At the beginning of her deployment, she hoped that by the end of the year the police would be able to respond to calls from any neighborhood without American help. But after the bombing of an important Shiite shrine in February incited a surge in sectarian violence, she decided that goal was unrealistic.
She decided to focus on developing the top officers, particularly the station commanders. “We realized that if we didn’t have a strong leader, the station won’t work,” she said.
But the Interior Ministry, which oversees the police force, has frequently changed commanders, often citing reasons of incompetence or death threats, sometimes offering no explanation at all. The Rashid station has had eight chiefs since it opened in late April. Absentee rates there have soared as high as 75 percent, though the rate had dropped to 25 percent by late last month, in large part because the latest chief was docking the pay of absent officers.
Over the course of the year, as sectarianism spread in the police force, Captain Bagley saw Shiite policemen balk at orders from Sunni shift commanders and Shiite station chiefs clash with their Sunni deputies.
She has also had to confront the creep of militia influence, as militia loyalists within the force used their leverage to avoid punishment or intimidate senior leadership. She intervened after a deputy station commander told her that his commander was being pressured by the militia of the Shiite cleric Moktada al-Sadr to free several captured militiamen. The men remained in jail.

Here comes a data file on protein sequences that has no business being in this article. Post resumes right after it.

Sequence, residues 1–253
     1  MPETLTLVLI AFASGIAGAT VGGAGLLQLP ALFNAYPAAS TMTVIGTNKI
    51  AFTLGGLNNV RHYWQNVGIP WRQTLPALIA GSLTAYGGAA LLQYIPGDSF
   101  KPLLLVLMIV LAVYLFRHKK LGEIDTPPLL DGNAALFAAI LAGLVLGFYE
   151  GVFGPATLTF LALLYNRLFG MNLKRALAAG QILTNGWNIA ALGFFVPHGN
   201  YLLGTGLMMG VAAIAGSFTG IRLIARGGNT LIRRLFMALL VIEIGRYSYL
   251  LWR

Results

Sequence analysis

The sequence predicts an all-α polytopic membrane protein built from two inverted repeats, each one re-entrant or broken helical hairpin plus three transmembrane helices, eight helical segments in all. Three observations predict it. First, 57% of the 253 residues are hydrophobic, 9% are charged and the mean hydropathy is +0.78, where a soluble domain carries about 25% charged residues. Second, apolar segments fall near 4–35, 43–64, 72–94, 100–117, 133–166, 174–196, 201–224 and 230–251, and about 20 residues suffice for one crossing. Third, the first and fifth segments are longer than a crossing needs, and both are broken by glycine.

The job of inspiring her Iraqi and American charges alike has become increasingly difficult as the violence has escalated in Baghdad in recent months.
As part of the American military’s push to wrest control of the capital’s streets from insurgents and militias, she was ordered to move some of her soldiers out of the police stations and into the streets of Dora to conduct daily patrols. Following an effort by American and Iraqi troops to seal off and clear that neighborhood, violence there has risen sharply, and attacks on her joint patrols have become frequent.
On Oct. 2, her soldiers were accompanying Iraqi police officers on a patrol through the Dora marketplace when a sniper shot and killed Sgt. Joseph Walter Perry, a 23-year-old turret gunner from San Diego. He was one of at least eight American soldiers killed in Iraq that day. Numerous soldiers from Captain Bagley’s company had been wounded over the year; in April, a bomb destroyed a Humvee and tore off the driver’s left leg. But Sergeant Perry’s death was the company’s first here and it devastated Captain Bagley.